In 1992, General Electric Drive System employees launched a new program in an attempt to combat social problems at a local school. The employees serve as adult mentors to individual students at Oakland Intermediate School. The program has been well-received by students, parents and staff. The mentors work one-on-one with an individual child throughout the school year. Some mentors have been with the same child for as long as three years.
A large percentage of Oakland's student body is students from one parent, disadvantaged homes. Teachers are asked to identify those students who would most benefit from the program. The students and the mentors must fill out a questionnaire pertaining to their likes, dislikes and interests which are then used to match the student and mentor.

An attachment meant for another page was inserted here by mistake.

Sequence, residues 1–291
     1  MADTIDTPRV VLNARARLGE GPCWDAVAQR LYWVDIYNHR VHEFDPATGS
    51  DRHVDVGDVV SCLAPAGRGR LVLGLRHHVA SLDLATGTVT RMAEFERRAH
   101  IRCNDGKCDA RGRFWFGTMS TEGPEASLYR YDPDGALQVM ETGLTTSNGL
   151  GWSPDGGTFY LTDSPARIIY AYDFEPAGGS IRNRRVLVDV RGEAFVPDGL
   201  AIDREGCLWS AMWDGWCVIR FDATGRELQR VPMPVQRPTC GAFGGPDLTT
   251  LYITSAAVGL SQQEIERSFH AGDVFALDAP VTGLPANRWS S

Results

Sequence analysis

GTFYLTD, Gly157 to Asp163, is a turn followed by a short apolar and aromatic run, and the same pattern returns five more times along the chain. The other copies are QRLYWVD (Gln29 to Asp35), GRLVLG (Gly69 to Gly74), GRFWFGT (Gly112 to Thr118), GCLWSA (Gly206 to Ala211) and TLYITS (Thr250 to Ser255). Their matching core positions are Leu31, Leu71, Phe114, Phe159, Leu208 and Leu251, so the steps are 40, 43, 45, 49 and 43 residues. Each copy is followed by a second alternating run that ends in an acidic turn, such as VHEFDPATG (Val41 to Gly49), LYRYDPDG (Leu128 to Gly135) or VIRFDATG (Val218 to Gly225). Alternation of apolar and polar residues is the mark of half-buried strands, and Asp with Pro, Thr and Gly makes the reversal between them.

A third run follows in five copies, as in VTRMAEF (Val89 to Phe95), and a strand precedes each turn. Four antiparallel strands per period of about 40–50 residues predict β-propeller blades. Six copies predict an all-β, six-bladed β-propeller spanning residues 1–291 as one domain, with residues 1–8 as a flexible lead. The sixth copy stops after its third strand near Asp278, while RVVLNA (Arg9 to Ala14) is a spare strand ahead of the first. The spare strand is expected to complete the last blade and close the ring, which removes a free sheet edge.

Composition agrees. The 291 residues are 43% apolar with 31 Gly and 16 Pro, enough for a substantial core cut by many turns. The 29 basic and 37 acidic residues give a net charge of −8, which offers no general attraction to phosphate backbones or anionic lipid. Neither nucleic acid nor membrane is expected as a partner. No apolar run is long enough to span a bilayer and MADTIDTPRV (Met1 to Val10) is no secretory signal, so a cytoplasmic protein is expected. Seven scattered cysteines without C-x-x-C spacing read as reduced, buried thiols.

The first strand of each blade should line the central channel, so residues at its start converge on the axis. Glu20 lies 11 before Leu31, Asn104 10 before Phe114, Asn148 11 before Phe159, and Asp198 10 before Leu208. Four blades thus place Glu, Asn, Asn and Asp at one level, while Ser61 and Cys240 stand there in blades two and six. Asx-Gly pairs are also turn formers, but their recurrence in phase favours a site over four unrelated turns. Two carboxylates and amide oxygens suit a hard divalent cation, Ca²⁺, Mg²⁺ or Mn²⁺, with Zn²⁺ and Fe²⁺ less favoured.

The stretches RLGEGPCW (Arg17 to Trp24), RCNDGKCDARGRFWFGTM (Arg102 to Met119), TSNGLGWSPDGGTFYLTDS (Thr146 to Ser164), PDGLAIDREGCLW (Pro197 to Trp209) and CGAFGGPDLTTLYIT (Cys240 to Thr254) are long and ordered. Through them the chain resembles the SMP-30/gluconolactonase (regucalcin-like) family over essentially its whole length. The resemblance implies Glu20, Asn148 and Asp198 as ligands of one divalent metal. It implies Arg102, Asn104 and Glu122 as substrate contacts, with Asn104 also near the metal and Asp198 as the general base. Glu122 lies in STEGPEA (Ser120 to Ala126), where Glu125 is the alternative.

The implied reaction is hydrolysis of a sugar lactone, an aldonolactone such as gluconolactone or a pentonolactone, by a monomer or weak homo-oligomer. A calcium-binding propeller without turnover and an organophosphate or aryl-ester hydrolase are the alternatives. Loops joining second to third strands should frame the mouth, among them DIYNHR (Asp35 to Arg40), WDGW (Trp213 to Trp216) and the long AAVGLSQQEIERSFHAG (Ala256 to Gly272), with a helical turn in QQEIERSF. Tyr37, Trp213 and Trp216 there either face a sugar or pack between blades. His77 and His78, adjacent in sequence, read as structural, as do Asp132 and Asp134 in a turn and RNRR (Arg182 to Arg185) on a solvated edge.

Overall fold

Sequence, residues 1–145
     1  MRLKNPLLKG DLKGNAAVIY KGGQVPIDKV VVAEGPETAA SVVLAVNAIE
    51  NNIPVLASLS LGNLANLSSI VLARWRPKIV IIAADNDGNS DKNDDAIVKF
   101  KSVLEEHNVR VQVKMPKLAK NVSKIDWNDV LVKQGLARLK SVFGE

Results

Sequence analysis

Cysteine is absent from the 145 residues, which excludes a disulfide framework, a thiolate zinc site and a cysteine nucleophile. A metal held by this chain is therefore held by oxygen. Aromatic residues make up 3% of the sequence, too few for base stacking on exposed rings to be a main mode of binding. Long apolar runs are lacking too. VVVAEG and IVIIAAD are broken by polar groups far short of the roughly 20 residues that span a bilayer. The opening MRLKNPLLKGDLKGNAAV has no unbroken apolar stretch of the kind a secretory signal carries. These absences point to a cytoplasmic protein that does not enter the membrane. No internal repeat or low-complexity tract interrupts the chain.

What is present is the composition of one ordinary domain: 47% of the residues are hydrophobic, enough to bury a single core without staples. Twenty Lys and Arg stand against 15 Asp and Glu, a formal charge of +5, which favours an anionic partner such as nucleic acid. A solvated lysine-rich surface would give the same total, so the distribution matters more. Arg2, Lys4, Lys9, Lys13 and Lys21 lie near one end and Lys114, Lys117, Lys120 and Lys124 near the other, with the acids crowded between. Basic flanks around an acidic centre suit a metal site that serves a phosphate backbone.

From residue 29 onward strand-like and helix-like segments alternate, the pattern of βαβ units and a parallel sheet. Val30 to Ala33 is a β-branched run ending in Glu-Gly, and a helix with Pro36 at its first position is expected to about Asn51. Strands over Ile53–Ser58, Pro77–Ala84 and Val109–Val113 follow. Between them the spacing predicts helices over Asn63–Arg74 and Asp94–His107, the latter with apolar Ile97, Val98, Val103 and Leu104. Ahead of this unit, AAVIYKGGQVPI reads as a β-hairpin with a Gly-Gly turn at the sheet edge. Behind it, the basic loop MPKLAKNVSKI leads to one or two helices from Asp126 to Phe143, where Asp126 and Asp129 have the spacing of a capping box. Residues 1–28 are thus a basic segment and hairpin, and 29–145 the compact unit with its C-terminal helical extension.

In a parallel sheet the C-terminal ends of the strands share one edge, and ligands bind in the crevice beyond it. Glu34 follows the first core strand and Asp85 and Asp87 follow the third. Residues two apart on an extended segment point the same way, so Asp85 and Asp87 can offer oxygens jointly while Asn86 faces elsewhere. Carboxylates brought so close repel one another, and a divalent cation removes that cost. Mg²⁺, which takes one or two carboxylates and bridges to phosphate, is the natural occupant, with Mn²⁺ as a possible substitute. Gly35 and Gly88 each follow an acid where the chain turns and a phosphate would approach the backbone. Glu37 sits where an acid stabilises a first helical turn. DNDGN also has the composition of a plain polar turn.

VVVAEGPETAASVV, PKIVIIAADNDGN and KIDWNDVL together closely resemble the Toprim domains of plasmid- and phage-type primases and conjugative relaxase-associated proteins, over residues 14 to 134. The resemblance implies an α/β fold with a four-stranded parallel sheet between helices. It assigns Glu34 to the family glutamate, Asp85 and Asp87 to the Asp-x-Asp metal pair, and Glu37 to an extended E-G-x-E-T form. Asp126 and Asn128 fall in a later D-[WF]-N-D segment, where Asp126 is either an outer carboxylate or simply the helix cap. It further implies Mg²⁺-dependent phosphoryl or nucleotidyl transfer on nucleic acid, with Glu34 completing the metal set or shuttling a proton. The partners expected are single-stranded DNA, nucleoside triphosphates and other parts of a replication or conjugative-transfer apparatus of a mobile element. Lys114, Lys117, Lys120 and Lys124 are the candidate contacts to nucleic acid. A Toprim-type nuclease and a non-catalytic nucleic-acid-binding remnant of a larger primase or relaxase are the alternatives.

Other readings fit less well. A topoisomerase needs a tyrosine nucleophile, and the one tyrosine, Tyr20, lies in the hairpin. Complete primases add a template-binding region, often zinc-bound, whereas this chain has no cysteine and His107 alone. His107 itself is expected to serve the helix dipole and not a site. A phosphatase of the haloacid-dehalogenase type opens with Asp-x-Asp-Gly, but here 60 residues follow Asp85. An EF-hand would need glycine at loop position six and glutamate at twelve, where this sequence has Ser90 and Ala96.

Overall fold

The students selected usually have few positive role models in their lives and therefore the mentors provide guidance and structure in the student's life. As a result of this mentor program, attitudes of the students toward school, teachers and peers have greatly improved. The mentors help steer the students from activities that may be dangerous and/or illegal. The mentors provide the needed connection between the larger community and the child and show the importance of becoming a good citizen despite the odds.
The mentors have lunch, play games, work on computers with the students, help with class work and just listen to the students concerns. In addition to mentoring, the GE group has contributed computer equipment and donated funds to purchase laser discs for the school.
In 1996-1997, the GE volunteers totaled more than fifty people, each of whom contributed an average of 40 hours of service to the school. Some mentors keep in touch with their mentees by phone or e-mail and others take the student on outings.